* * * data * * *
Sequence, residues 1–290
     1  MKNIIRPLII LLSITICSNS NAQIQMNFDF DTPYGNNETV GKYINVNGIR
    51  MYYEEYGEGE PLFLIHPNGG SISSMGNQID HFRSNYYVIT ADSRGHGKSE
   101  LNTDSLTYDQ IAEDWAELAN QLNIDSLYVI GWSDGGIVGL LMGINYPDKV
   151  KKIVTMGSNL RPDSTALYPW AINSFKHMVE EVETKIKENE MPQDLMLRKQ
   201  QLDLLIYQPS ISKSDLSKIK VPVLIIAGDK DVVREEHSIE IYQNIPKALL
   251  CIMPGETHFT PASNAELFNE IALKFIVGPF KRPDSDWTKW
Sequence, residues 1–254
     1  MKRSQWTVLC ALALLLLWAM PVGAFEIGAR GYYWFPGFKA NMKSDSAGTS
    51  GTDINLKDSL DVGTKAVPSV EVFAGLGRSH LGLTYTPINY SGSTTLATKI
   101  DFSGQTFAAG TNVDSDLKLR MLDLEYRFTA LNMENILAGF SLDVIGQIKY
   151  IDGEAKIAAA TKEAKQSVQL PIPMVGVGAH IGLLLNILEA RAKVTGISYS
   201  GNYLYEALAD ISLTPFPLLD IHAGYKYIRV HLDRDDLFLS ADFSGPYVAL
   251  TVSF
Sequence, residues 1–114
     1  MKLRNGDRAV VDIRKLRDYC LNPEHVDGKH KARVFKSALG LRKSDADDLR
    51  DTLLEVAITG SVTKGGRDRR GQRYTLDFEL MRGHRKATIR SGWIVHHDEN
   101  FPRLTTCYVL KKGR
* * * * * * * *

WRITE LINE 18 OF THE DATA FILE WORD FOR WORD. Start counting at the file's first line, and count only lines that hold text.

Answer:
   101  FPRLTTCYVL KKGR